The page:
TLDR: Find the ballast. Cut its #18 white and black power lead halfway down its length, and fit a ballast disconnect there. (don't bother connecting the ballast side). Connect your LEDs on the ballast side of that.
Since the fixure did not tap into those wires before, you leave them the heck alone.
The irrational need to play with wire groups that are not involved, is the undoing of many lamp projects. We had one case in an old apartment building where instead of the two wires needed, the asker had dug out a full ten wires from the ceiling, unhooked them all (knocking out the neighbor's power), shot a photo, and asked "how do I hook these back up?" You don't. That information was stored in "how they were hooked up before", which the person destroyed. Now, an electrician has to tone out all those wires and try to figure out what was originally intended. Cost the asker over $300.
The old ballast has a white and black wire. The ballast black goes to certain wire(s) in the ceiling. That is where your supply black (hot) goes to. It doesn't matter what colors they are. If the wire(s) are white, they must be re-marked with black tape as they are actually hot.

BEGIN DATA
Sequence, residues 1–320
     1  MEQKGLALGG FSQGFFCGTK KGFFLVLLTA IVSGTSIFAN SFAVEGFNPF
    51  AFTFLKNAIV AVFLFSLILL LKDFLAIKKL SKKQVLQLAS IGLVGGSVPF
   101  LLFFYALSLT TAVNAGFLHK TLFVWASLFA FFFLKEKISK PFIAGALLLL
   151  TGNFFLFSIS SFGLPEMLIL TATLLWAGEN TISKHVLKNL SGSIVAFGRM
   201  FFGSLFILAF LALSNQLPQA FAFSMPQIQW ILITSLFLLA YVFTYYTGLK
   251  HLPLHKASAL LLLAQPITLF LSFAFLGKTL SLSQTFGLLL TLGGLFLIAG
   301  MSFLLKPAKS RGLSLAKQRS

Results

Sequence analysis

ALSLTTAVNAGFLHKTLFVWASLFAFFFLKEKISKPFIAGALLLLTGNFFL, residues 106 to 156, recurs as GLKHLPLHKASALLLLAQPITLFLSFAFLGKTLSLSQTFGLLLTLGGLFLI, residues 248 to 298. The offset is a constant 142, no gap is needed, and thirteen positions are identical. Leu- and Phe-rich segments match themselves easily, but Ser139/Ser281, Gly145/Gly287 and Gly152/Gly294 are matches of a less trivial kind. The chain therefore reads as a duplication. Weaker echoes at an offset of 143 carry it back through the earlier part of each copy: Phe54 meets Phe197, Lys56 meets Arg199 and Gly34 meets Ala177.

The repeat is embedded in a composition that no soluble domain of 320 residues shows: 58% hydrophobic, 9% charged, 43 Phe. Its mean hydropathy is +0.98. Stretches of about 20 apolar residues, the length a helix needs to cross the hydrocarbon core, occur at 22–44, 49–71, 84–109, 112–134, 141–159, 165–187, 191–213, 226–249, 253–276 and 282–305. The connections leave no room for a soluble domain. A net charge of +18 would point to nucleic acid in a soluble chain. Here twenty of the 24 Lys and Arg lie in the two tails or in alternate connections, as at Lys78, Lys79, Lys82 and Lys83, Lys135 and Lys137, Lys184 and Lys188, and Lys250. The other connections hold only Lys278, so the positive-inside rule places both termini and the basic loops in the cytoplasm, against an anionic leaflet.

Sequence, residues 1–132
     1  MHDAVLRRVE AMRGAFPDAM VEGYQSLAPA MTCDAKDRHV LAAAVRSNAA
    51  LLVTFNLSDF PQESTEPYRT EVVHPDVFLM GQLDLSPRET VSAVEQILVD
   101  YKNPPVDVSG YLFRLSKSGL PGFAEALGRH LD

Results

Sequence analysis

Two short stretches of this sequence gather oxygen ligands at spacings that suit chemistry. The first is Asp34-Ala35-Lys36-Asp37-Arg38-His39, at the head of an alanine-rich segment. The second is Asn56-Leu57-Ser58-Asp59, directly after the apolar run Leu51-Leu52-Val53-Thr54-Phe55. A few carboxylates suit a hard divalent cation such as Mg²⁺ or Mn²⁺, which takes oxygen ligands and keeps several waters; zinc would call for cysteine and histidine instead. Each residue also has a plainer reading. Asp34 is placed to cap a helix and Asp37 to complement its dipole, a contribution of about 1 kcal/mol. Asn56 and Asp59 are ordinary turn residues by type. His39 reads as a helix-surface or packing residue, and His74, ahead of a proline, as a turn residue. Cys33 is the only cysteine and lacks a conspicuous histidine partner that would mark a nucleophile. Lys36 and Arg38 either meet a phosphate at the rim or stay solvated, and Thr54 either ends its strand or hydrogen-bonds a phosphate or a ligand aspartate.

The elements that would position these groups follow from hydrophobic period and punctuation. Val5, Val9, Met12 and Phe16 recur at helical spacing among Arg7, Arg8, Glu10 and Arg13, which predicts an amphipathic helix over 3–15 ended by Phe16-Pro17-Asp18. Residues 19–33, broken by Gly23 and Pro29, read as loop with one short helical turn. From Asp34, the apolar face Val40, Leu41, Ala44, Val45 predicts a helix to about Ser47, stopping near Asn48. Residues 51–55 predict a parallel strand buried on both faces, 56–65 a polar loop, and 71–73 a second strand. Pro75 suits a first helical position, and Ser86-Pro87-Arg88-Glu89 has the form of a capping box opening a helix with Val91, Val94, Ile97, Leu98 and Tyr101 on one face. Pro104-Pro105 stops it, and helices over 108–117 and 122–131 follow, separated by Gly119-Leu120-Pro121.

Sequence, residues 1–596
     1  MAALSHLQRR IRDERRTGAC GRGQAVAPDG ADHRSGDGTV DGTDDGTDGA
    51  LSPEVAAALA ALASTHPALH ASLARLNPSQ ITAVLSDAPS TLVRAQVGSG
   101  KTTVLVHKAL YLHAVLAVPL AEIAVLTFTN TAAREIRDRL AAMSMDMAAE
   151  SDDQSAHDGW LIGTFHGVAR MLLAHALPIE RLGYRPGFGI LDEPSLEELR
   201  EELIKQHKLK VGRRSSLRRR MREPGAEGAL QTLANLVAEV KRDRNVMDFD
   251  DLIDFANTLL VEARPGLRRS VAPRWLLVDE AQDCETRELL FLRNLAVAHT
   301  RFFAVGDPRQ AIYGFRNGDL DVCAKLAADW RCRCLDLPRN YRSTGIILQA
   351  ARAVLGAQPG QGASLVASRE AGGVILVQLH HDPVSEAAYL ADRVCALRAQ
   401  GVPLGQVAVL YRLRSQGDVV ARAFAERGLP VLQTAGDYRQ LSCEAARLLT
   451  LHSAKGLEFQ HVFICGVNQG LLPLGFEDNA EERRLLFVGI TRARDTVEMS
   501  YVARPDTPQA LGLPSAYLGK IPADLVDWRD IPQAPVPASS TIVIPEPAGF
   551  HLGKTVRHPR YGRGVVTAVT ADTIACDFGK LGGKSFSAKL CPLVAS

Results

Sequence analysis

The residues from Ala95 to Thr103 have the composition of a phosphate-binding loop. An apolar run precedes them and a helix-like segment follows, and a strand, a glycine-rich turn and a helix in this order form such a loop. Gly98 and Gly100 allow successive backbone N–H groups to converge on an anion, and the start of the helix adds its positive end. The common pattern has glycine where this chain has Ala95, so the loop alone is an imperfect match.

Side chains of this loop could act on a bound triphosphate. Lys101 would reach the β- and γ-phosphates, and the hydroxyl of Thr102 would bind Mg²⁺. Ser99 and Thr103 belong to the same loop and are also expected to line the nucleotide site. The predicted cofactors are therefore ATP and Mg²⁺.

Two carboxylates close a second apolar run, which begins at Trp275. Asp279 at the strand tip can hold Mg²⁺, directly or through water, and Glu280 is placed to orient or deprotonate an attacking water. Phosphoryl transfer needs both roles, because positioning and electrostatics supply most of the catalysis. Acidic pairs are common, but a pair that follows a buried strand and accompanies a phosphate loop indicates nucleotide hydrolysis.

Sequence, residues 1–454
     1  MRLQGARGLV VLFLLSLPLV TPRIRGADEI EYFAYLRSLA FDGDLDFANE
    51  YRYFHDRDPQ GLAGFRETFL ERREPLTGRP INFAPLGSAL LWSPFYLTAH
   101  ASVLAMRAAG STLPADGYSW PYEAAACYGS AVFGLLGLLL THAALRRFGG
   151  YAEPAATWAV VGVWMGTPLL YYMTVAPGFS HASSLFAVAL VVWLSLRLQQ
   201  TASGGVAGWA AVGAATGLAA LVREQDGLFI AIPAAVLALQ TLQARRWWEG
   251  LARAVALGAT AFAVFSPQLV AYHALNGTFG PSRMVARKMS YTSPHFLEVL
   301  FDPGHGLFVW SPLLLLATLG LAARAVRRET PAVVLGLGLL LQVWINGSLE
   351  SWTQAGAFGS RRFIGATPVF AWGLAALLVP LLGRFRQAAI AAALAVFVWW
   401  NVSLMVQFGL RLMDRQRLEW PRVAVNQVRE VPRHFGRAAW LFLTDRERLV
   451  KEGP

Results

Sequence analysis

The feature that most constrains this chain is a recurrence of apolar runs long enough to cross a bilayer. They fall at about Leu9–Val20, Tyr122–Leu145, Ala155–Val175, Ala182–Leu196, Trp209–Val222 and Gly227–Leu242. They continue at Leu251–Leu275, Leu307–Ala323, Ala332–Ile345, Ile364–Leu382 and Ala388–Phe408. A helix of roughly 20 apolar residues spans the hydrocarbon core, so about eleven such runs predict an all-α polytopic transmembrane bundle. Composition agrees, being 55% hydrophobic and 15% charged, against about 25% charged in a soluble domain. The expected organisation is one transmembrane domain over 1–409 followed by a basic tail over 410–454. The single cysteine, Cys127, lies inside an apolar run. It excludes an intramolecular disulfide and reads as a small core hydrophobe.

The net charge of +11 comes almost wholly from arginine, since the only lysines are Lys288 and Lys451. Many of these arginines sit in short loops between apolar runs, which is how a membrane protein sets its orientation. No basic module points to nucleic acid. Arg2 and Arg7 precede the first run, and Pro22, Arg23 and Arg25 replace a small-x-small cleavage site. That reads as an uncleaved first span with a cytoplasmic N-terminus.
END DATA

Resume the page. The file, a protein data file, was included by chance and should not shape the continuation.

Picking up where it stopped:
The ballast white goes to certain other wires in the ceiling, probably white. That is where your supply white goes to. You must keep them all together. They're not spares, they're working for a living!
Really, you should be installing Wago style or Ideal ballast disconnect plugs to the aforementioned wires. (Not least, it allows you to turn the power back on the moment the disconnect is installed, instead of having to do the whole job in the dark.) However, installing the ballast disconnects will also help you keep the wires straight.